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OIG: Arrangements between DME Supplier and IDTFs May Trigger Sanctions and Implicate Anti-Kickback Statute

The Officer of Inspector General (OIG) issued an advisory opinion addressing an existing and proposed contractual arrangement between a durable medical equipment (DME) supplier and independent diagnostic testing facilities (IDTFs). The unfavorable opinion concluded that the arrangements could potentially generate prohibited remuneration under the Anti-Kickback Statute (AKS), which would trigger sanctions if the requisite intent was present.

The following facts were presented with regard to the DME supplier’s existing and proposed arrangements:

The Medicare-enrolled DME supplier (the Requestor) sold continuous positive airway pressure (CPAP) blower units, masks, and supplies. A CPAP is prescribed for patients with obstructive sleep apnea who have undergone a sleep study, often performed at an IDTF. Once prescribed by a physician, the patient chooses a DME suppler.

Under the existing arrangement, the Requestor entered into contracts with IDTFs, some of which have physician investors. Each of these contracts is in writing, for a term of at least one year, and is non-exclusive. The IDTF may terminate the contract at any time, but the Requestor may only terminate for breach or cause. Federal health care program beneficiaries are excluded from the Existing Arrangement. In exchange for providing services (e.g., preparing the CPAP and educating the patient on its use) to non-federally insured patients, the Requestor pays the IDTF a per-patient fee that reflects fair market value.

The proposed arrangement was similar to the existing arrangement except: (1) federal health care beneficiaries would be included; (2) the IDTF would be paid a flat monthly/annual fee, which the Requestor could not certify as fair market value; and (3) the Requestor would have the right to terminate the contract if it was not satisfied with the number of patients receiving services.

The OIG concluded that the specific circumstances surrounding the arrangements could create more than a minimal risk of fraud and abuse. The OIG’s analysis focused on the following issues:

  • The carve out of federal business was not dispositive of whether the AKS could apply. The OIG noted its concern with arrangements that carve out federal health care program beneficiaries. Although the existing arrangement excluded federal health care program beneficiaries, the OIG found that the participating IDTFs could still influence referrals of federal health care program beneficiaries to the Requestor.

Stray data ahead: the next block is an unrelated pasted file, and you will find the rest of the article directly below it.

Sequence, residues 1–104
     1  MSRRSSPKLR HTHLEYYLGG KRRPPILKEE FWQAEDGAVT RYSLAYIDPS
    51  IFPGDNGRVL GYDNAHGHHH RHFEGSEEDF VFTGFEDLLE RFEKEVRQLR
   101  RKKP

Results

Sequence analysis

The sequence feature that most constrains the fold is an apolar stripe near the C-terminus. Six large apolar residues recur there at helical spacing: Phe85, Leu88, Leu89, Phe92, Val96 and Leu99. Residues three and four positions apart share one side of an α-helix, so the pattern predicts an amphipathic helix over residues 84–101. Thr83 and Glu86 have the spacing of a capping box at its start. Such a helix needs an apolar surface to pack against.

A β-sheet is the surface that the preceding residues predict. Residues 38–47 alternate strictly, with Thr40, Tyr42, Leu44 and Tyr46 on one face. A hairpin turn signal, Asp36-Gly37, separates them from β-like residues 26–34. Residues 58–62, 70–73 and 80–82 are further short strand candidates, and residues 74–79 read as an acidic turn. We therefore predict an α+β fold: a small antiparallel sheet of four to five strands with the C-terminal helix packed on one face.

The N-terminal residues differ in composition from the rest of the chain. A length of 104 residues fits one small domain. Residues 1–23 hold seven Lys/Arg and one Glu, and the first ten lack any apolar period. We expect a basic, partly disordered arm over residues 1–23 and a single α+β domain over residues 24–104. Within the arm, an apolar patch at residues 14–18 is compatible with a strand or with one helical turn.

• The arrangements do not meet the personal services and management contracts safe harbor. The OIG found that the arrangements do not qualify for safe harbor protection because they do not meet all of the safe harbor’s required conditions. However, the OIG noted that the lack of safe harbor protection is not fatal, but the arrangements must undergo a case-by-case evaluation.
  • Direct payments to IDTFs and aggressive marketing are problematic. The OIG concluded that direct payments to IDTFs may be problematic where IDTF staff may be in a position to influence federal health care beneficiary selection of the Requestor’s products. Direct payments would be particularly problematic when physicians with financial interests in IDTFs are prescribing the DME products. The arrangements also allow the Requestor to obtain in-person contacts with patients through health care professionals who are in a position of trust. When these contacts occur prior to the patient’s selection of a DME supplier, the OIG is concerned that the IDTF staff – and, potentially, physicians with a financial interest in the IDTF – could inappropriately influence the beneficiary’s choice of supplier.
  • Part of the fee, the consignment component poses fraud and abuse risks. Despite the Requestor’s certification that it would not make separate payments for rental of space and consignment services, the OIG concluded that the consignment component is part of the total package of services and thus comprises at least some portion of the fees paid to the IDTF.

You may access the OIG’s opinion (11-08) here.

©2021 von Briesen & Roper, s.cNational Law Review, Volume I, Number 180
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About this Author

von Briesen & Roper’s Health Law Section provides comprehensive legal services to the health care industry nationwide as both general counsel and special project counsel. Our clients include integrated delivery systems, academic medical centers, community hospitals, Catholic-sponsored hospitals, rural and critical access hospitals, imaging centers, physicians and multi-specialty clinics, specialty hospitals, ancillary suppliers, home health agencies, nursing homes, hospices, assisted living facilities, mental health and AODA facilities, DME suppliers, laboratories,...

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